David, does it look like this pump is going to physically fit? When this little project began, I didn't know what the Delco numbers were for the fuel module assy's. I found out now that the N/A unit is MU33 and the S/C unit is MU35, which is what your kit is for. If they're the same size, I'm wondering just how different they can really be...

The only thing that bothers me is that someone was obviously paranoid about keeping the S/C pumps cool. My Chevy counterman couldn't believe it when I told him that they added that split off of the pump output and the venturi jet-pump, on top of the fuel from the return line, to keep that cup full of fuel, PLUS the speed-control module in the trunk of S/C cars to run those pumps at partial power until Enrichment Mode is reached...

I was thinking that if necessary, I'd buy your kit and you could buy the right kit, but I've been looking all over eBay and so far I can't seem to find a pump kit for the MU33.

As long as it's in the same vein, I should mention to everyone that I did find replacement fuel senders on eBay for only $38 shipped... The list price in the GM computer yesterday for just a fuel level sender was $199!! Anybody know if the S/C and N/A modules use the same sending units?? If they do, I'll buy a new one myself this time...


Last edited by Eldo on Sat Feb 20, 2010 10:02 pm; edited 2 times in total
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PostSubject: Re: Write-Up: Fuel Pump/Sending Unit (NA Series II)   Sat Feb 20, 2010 4:57 pm

albertj wrote:
moldymac wrote:
I didnt even think of the EVAP system! My friend's explorer would throw a code for that because of a gas cap, but the chances of this leaking are a lot higher. I think I might try contacting the guy on CL with a tank again and hope he gets back to me. My truck (which is an 85) barely has an emissions system and a good but not excellent seal probably doesn't matter there.

The stuff from Napa that RIck talked about, or butyl caulk (as for windshields) would give you the seal you want provided the surfaces are clean when cemented and the o-ring seals right.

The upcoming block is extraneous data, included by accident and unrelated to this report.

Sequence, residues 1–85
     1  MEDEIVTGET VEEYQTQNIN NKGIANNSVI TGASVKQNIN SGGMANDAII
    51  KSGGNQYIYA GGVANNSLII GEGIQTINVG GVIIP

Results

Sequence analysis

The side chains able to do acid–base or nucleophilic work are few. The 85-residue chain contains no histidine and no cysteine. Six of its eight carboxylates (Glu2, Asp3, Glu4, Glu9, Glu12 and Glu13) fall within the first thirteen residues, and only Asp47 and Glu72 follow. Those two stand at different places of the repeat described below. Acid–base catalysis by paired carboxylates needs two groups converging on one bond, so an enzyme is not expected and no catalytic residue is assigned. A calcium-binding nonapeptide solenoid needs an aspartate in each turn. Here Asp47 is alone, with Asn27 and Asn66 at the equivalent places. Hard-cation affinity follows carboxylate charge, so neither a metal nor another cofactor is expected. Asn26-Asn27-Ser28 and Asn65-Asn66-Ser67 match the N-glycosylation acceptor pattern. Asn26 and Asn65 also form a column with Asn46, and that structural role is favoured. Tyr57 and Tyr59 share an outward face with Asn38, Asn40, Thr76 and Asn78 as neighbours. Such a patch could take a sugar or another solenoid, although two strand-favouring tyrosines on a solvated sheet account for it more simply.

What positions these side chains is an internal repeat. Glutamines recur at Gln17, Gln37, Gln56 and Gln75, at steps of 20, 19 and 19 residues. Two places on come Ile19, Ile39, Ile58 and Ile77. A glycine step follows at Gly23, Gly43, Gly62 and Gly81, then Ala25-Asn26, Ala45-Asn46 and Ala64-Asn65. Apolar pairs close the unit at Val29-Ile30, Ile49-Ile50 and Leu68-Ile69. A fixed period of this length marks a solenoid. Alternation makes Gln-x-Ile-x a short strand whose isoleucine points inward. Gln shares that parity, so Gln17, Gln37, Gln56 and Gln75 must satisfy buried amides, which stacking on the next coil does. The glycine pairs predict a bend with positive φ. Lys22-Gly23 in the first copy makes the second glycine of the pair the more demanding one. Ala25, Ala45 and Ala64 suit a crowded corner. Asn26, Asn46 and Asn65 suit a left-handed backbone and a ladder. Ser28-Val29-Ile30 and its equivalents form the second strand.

I'd say fabricating a ring is a very good plan B, plan A being to get a tank reasonably priced. Actually, getting a tank and then repairing the old one seems like a good bet if you can store or sell the repaired tank.

Don't forget to call/write Ed Morad at moradpartscompany.com to see about a tank, I think a good one would come in around $70-100 shipped--but contact him don't take my word for it.

Albertj
Attempting your repair scheme on the old tank would be a good exercise for the cause if you have the time. Don't think it would cost that much and my offer on the fastener's still stand.
If you are able to make a good leak free seal and install a good used pump assembly, it would be prepped for sale and when someone on here needed a tank due to a rotted tank they would gladly pay you for a well repaired tank.
Look at it this way, a properly repaired tank would be much better than used and should be almost as good, if not, as good as new.
So someone that knows about all the work that goes into making a proper repair wouldn't hesitate to buy it from you. I would document the work by taking pic's so you could advertise it elsewhere if necessary.
You could even advertise on EBay as we are not the only Riviera owners or Park Ave owners, etc having fuel tank issues.
Just something to think about.
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PostSubject: Re: Write-Up: Fuel Pump/Sending Unit (NA Series II)   Sun Feb 21, 2010 2:12 am

I still plan to try my repair, just been a bit busy and didn't get the parts I need put together yet. I figure I don't really have anything to loose, the tank is "bad" and I gotta try this. Otherwise I will be wondering "what if..." I'll keep you all updated!